Tell us about your organisation, how you started and what you do?
Aspiring Futures CIC is a women-led Community Interest Company that was set up by a group of local women from the BAME community in 2010 to engage and support women from disadvantaged and marginalised communities who face multiple barriers in accessing mainstream services. I am one of the founding members and currently employed as an Executive Director.
The aim of the organisation is to offer holistic services to help facilitate women’s growth in achieving financial independence, progression into further education, entering the world of work and living a healthier and happier life. Our services include counselling /psychotherapy, health and self-care advice, befriending services, Information, Advice and Guidance (IAG), employment support, training and skills development opportunities.
Women can self-refer. We also receive regular referrals from over 30 services and agencies operating in and around Wolverhampton. Almost 60% of our beneficiaries suffer from mild to moderate mental health issues, such as severe depression and anxiety. 80% of women who join the service are either long term unemployed or have no employment history.
In 2019 more than 500 women accessed our services; 200 of them received 1-2-1 counselling; 150 women received befriending services. Since the beginning of 2020 we have supported women from diverse backgrounds including BAMER communities (54%) and White British (46%). Recently we have experienced an increase in demand for support for domestic abuse victims.
What has been your greatest achievement?
Our greatest achievement is always seeing a woman achieving her full potential and going for what she always aspired to achieve. We have seen women progressing into paid work who previously might not even have had their own bank accounts; women recovering from depression or childhood trauma and taking control of their lives; finding healthier and happier relationships not only with themselves but with others.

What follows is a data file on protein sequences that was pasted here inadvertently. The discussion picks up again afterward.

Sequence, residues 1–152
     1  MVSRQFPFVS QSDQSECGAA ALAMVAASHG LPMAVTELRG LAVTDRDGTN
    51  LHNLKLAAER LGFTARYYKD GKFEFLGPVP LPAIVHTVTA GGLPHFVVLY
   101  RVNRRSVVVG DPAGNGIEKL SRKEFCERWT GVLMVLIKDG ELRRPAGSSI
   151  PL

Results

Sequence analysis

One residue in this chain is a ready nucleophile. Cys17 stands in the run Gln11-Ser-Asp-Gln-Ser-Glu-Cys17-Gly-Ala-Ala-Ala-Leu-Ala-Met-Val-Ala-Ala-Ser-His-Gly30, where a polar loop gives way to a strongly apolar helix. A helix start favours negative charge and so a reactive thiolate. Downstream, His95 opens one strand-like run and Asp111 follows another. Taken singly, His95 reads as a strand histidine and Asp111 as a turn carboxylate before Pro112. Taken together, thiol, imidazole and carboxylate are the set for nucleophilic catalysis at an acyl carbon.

It has been great to reach out to women at a grass roots level. Our support has enabled isolated and housebound women to connect with others and form lasting friendships.
One of the proudest moments for our organisation was when we received the Queen’s Award for Voluntary Service in 2016. We also achieved Matrix standards for our IAG service in 2019 which reflects the quality of our service.
What is your experience of support received from WVSC?
We really appreciate and acknowledge the support offered to us by WVSC. Our partnership goes back many years and we have jointly delivered a number of projects to support local residents. Our joint initiatives have supported Council priorities and resulted in positive health outcomes for the City.
We believe that WVSC is in an advantageous position to connect the Third Sector together and formulate a better and thriving Third Sector. They can play a key role as an enabler to draw substantial funding for the City.
What is the most valuable lesson you have learnt about working with people in Wolverhampton?
I might be biased in my opinion towards Wolverhampton as I settled here when I came from Pakistan. Wolverhampton is a multicultural City that embraces different cultures and communities. It’s a City that is welcoming to people from all backgrounds and particularly supports migrant communities and new arrivals.
In my experience residents of Wolverhampton are willing to engage with services. They welcome and support new initiatives. However, there is a need to make the services more accessible and raise their profile to enable people to access these services. We have a thriving Third Sector that has so much to offer and the people who are leading the Sector have such vast and varied experience that if put together can bring in a positive change in how we deliver services.
What are some of the challenges you face and how can WVSC help to support your organisation in the future?
One of the biggest challenges for our Sector is not having sustainable income. I suppose for Aspiring Futures CIC it is even more challenging as we do not have any local long-term service contracts. We are solely dependent on grant funding. Due to Covid19, the main funders are focussing on emergency funding to survive Covid19 and are not accepting any new applications. Lack of funding has an impact on staff retention. We would love to extend our services to other areas / wards in Wolverhampton. We would like to be part of any future joint initiatives and consortium bodies led by WVSC.
Where can we find out more?
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